When I was researching my book A Song of their Own, about the local campaign
for Votes for Women a hundred or so years ago, I enjoyed looking for and at
the places where some of the events occurred, and where they were organised.
The first thing the two new suffrage organisations in town did when they set
up in 1909 was to hire office premises. The most radical of these, the
Pankhurst-founded Women's Social and Political Union, started out at 4a
The Women's Freedom League first had a room at 13 Friars Street (right by
the Unitarian Meeting House), and then moved to a larger office at 16 Arcade
Street. This was on the corner of Arcade Street and Museum Street until part
of it became the Henslow Room within Arlingtons Brasserie. It is fitting
that the old WFL office is now part of the restaurant. The Old Museum Rooms,
as the restaurant was called then, belonged to an auctioneer, who let out
rooms for meetings. In 1911 the Women's Freedom League, led by the social
reformer Constance Andrews, hired it out for a night of protest.
The Census Boycott - No Vote, No Census - involved women staying away from
home on Census night (April 2 1911) so their personal details could not be
entered on their household Census form. This was in protest at having no say
in how such information would be used by the Government. Astonishingly for a
small town like Ipswich, about thirty women went and spent the night in the
Old Museum Rooms. If we remember how little power, influence and freedom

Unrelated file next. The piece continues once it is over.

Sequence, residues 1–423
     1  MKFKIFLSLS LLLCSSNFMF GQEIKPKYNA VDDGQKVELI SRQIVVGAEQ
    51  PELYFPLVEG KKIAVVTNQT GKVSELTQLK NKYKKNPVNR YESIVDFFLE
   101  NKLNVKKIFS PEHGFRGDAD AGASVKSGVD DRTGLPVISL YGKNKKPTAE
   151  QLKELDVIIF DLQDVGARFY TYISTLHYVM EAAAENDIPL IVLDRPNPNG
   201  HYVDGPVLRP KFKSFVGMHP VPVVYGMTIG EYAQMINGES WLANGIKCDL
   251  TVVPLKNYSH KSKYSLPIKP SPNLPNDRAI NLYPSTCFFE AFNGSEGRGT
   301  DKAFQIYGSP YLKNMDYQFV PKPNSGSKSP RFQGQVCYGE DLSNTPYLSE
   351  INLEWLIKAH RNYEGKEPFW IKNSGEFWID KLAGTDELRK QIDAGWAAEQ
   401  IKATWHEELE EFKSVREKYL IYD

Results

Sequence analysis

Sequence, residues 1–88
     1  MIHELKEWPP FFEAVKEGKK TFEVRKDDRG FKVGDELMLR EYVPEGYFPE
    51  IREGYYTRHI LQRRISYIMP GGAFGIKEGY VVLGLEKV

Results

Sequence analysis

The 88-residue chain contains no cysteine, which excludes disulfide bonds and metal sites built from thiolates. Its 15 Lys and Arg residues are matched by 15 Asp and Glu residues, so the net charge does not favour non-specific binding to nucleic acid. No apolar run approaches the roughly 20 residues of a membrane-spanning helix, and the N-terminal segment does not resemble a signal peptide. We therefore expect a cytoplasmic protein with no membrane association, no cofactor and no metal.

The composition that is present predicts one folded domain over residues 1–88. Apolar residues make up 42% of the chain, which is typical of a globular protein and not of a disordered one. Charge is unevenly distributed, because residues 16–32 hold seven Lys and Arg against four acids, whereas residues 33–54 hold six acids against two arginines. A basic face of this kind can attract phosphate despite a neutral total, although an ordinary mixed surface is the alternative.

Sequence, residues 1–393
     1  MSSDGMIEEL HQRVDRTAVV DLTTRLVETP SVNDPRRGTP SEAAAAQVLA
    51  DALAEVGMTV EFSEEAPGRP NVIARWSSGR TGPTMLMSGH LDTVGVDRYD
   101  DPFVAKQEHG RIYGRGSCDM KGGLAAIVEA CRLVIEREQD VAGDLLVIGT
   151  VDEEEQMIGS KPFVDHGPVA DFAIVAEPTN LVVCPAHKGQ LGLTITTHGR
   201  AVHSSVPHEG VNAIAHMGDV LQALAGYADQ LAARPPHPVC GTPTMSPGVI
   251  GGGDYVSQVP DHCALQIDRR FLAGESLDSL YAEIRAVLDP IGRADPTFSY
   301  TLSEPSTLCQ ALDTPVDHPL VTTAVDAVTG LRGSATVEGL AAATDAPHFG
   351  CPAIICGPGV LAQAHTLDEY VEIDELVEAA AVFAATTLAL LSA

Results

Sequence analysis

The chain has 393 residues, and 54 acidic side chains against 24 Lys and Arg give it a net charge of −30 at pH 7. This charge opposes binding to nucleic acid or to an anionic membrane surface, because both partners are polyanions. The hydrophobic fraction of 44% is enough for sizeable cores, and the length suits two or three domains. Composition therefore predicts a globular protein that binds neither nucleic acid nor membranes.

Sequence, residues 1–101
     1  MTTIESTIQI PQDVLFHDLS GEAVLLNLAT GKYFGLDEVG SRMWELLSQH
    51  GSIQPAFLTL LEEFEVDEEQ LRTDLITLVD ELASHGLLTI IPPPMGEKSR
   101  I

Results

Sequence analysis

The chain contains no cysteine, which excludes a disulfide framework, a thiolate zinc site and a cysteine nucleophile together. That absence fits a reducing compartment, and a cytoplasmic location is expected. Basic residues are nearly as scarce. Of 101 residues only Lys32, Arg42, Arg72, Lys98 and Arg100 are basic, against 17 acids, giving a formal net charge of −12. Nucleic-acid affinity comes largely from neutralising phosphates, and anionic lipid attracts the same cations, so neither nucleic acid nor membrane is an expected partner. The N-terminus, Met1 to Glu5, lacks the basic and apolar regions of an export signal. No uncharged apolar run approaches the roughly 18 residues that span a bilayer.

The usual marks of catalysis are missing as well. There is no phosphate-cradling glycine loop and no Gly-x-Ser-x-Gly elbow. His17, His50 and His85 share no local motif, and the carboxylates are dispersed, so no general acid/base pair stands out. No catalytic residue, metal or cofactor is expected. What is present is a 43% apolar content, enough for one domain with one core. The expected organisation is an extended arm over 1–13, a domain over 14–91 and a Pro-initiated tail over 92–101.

women had at this time, their courage is noteworthy. We're told that they
had an all-night party, singing political songs and playing games, eating
supper and breakfast.
Constance Andrews continued to show her absolute commitment to the cause
when she was fined for not buying a dog-licence. In a national campaign
called No Vote, No Tax, women refused to pay taxes until they had a say in
how the Government spent their money. Constance refused to pay her fine,
and when the bailiffs turned up at her home in 160 Norwich Road, they found
that she had signed all her possessions over to her sister. She was arrested
at what is now the Ipswich Institute and taken to the women's section of
Ipswich Gaol. This law-abiding, determined woman served a week's sentence to
demonstrate the strength of her beliefs.
The women's prison was a tiny part of Ipswich Gaol. The records of the time
show that there were only three other women in prison at that time. On her
release, Constance was met at the prison gates by a huge crowd. She was
placed in a carriage which led a triumphant procession through the town
centre to a celebration breakfast in Arcade Street.
The suffragettes rented shops in the town. The WSPU were at 2 Dial Lane
first and then Tower Street (where H&M is now), and the WFL had a shop at 22
Queen Street. Their shop fronts were decorated with banners and posters.
Inside, they sold propaganda booklets and their weekly newspapers,
suffragette games and other merchandise. They might have a little library of
suffrage books, and a tea-room for people to meet and talk.
In the picture of the WSPU shop in Tower Street, the placards relate to the
force-feeding in Ipswich prison of two women from the Midlands who came to
the area and burnt down the Bath Hotel in Felixstowe in April 1914.
Details of all these, and many other, events by local campaigners are in my
local history book A Song of their Own - the fight for Votes for Women in
Ipswich. Published by The History Press, it is available from Waterstones
and Ipswich Tourist Information Office.